On Tuesday in plenary, participants heard presentations of eight case studies from successful ecosystem-based country projects that had improved food security, climate change adaptation and ecosystem productivity in different ecosystems. Dennis Garrity, Senior Fellow, ICRAF, moderated the discussion that followed.

Patrick Muzinduki, Kabarole Research and Resource Centre, presented a case of maize demonstrations, banana management and vegetable irrigation in Uganda. He said climate adaption was about looking at how local farmers could adapt to climatic changes while ensuring food production, and outlined how the projects had improved farmer purchasing power.

Cheatum Molly, Kusamala, presented on a permaculture and agroecology project in Malawi. He highlighted as key challenges the difficulty of measuring complex systems involved in integrated management and time constraints.

Manuel Menomussanga, Environment Ministry of Mozambique, presented on a fish and crab farming and mangrove reforestation project in Mozambique that he said had introduced a new mindset about climate change adaptation among community members and had the potential to be replicated and up-scaled.

Welton Phalira, LEAD Southern and Eastern Africa, presented a conservation agriculture project in Malawi that he said included a livestock component to enhance protein availability and enable adaptation when crops failed. He said the project was being scaled up and had great replication potential, while noting that engaging in continuous testing and learning in the face of limited time and resources was a big challenge.

Leslie Mhara, Care International, presented a project involving agroforestry, conservation farming and sustainable harvesting of non-timber forestry products in Southern Zimbabwe, which he said had targeted the most vulnerable communities, including HIV positive communities. Noting that the project had great up-scaling potential, he stressed the need to identify key communities and stakeholders and engage in training on, inter alia,conservation techniques, marketing issues, local conflict resolution, and climate vulnerabilities and adaptation.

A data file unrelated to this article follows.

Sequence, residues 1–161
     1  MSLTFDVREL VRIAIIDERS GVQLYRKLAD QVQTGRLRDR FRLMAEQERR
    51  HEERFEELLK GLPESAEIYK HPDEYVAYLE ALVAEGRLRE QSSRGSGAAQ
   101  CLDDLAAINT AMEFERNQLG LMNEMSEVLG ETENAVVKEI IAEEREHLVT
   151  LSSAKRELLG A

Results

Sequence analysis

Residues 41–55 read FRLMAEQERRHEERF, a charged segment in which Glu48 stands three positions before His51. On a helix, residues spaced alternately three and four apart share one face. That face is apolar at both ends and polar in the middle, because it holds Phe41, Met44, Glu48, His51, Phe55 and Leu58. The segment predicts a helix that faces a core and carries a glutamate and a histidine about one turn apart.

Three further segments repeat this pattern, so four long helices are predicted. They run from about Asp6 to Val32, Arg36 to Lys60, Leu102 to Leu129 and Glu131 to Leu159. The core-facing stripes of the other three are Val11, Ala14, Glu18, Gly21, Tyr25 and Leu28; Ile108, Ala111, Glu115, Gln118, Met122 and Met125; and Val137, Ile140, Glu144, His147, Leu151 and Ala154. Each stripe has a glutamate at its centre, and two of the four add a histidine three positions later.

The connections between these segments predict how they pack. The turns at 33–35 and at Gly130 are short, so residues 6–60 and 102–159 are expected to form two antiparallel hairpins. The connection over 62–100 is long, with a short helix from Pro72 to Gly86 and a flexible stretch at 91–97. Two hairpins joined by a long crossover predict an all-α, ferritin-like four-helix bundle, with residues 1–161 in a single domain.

Annet Kandole, Care International, presented a project that promoted good governance in the forest sector in Uganda. She said a good governance approach could enhance food security and climate change adaption, highlighting participation, the rule of law, accountability and fairness as the key pillars of good governance.

Philip Osano, McGill University, presented a project on payments for wildlife conservation in Kenya, which he said helped communities near parks and reserves to respond to shocks such as droughts and to meet their food and other basic needs. He explained that the project addressed risks from government policies that had divided formerly communal rangelands into private plots, since these were often fenced and prevented wildlife and livestock mobility and affected traditional pastoralism.

John Ajigo, Nigerian Environmental Study/Action Team, presented an agroforestry project to stabilize mobile sand dunes in Nigeria, which he said looked to enhance climate adaptation and food security, stabilize the dunes and restore oases and water availability in the targeted areas.

In the ensuing discussion, one participant asked what the key difference was between ecosystem-based adaptation (EbA) and normal adaptation interventions. Phalira identified as a unique trait of EbA approaches that they address the linkages between different ecosystem components and how they rely on each other and seek to address science, policy and social aspects.

In response to a question on how project managers had fully engaged the local community in the Mozambique project, Menomussanga indicated that a vulnerability assessment had been conducted with strong community participation and the community itself had identified the three adaptation activities that were implemented.

One participant asked whether the projects presented had a sustainability model and infrastructure developments to keep the projects going longer than their lifespan. In response, Ajigo said the key was to get local governments and communities involved to ensure the latter requested continued government involvement in projects.